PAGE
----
Iceland joins alliance to tackle ‘ghost’ fishing gear left at sea | New
Iceland hopes to help solve the problem of lost or abandoned fishing gear at sea by joining an alliance against the problem.
The supermarket became a member of the Global Ghost Gear Initiative, a cross-sector alliance whose work includes training fishermen to safely retrieve equipment from the waters and educate them on net recycling.
Iceland’s plans include pitching the initiative to its own fish and seafood suppliers and encouraging them to join. Suppliers will have the opportunity to join Iceland’s âPlastic-Free Working Groupâ in April.
GGGI was founded in 2015 with the aim of removing some of the millions of fishing nets, pots and lines abandoned every year in the sea. The aim is “to improve the health of marine ecosystems, to safeguard human health and livelihoods and protect marine animals from damage, âIceland said.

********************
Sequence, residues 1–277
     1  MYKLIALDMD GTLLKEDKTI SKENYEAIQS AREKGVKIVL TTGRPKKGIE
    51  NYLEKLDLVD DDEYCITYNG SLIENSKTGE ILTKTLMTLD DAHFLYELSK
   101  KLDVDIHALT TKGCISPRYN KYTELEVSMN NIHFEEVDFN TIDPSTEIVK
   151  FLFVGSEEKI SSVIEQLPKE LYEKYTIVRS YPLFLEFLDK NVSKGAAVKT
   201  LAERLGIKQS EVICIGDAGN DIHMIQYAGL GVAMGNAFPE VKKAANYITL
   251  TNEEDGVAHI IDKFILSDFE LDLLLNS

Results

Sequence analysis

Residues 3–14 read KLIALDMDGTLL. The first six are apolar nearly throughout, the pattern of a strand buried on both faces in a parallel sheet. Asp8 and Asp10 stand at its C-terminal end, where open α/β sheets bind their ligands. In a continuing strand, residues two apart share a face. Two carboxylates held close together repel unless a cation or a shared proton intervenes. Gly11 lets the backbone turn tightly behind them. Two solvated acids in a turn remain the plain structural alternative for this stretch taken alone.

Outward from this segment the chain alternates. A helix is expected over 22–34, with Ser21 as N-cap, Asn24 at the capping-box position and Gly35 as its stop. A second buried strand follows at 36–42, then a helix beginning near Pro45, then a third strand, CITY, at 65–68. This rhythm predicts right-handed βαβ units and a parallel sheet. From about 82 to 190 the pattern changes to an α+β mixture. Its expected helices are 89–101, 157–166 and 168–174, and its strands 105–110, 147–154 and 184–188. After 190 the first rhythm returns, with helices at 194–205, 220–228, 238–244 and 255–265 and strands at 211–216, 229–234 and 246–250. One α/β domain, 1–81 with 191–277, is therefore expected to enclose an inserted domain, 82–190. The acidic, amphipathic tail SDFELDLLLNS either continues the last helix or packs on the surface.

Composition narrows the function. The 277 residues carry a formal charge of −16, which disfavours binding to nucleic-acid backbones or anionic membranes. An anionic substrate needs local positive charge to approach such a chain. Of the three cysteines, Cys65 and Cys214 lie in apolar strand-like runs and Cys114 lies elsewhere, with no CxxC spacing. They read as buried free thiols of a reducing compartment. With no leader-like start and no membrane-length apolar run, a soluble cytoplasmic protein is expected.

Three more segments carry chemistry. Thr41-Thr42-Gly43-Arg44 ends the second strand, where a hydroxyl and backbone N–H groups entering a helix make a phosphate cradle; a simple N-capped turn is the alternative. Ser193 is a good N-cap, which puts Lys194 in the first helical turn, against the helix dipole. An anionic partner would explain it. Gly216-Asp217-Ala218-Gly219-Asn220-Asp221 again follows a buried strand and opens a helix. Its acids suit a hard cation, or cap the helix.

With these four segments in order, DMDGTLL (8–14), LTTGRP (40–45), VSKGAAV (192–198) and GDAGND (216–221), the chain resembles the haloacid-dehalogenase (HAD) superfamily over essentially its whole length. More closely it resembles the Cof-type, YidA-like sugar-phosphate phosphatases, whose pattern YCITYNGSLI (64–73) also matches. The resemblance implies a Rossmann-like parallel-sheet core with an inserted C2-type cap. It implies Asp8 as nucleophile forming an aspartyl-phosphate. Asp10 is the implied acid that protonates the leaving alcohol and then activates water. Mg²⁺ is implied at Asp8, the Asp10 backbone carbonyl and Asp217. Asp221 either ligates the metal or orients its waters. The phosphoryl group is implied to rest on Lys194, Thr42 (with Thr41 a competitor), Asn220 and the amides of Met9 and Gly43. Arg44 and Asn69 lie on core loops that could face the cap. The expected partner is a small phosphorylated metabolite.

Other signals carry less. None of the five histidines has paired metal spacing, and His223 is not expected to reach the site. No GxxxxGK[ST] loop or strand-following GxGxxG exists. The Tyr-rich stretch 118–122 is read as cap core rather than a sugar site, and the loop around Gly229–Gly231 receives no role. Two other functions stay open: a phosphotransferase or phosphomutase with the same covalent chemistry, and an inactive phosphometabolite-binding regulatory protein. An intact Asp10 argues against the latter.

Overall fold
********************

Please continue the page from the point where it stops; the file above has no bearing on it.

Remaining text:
âPollution reduction has been an issue Iceland has been tackling since we made our commitment to industry-leading plastics, and joining GGGI is another step forward in our efforts to reduce marine pollution, âsaid Icelandic Managing Director Richard Walker.
GGGI Director Ingrid Giskes said: âPhantom equipment is the most harmful and widespread form of ocean plastic, with around a ton entering our ocean every minute. It is also extremely damaging to fish stocks and, in turn, the livelihoods of fishermen, affecting the bottom line of the fishing industry.
âTackling the problem of ghost equipment requires a global effort on the part of all players in the seafood supply chain, which is why support from supermarkets like Iceland is so critical. “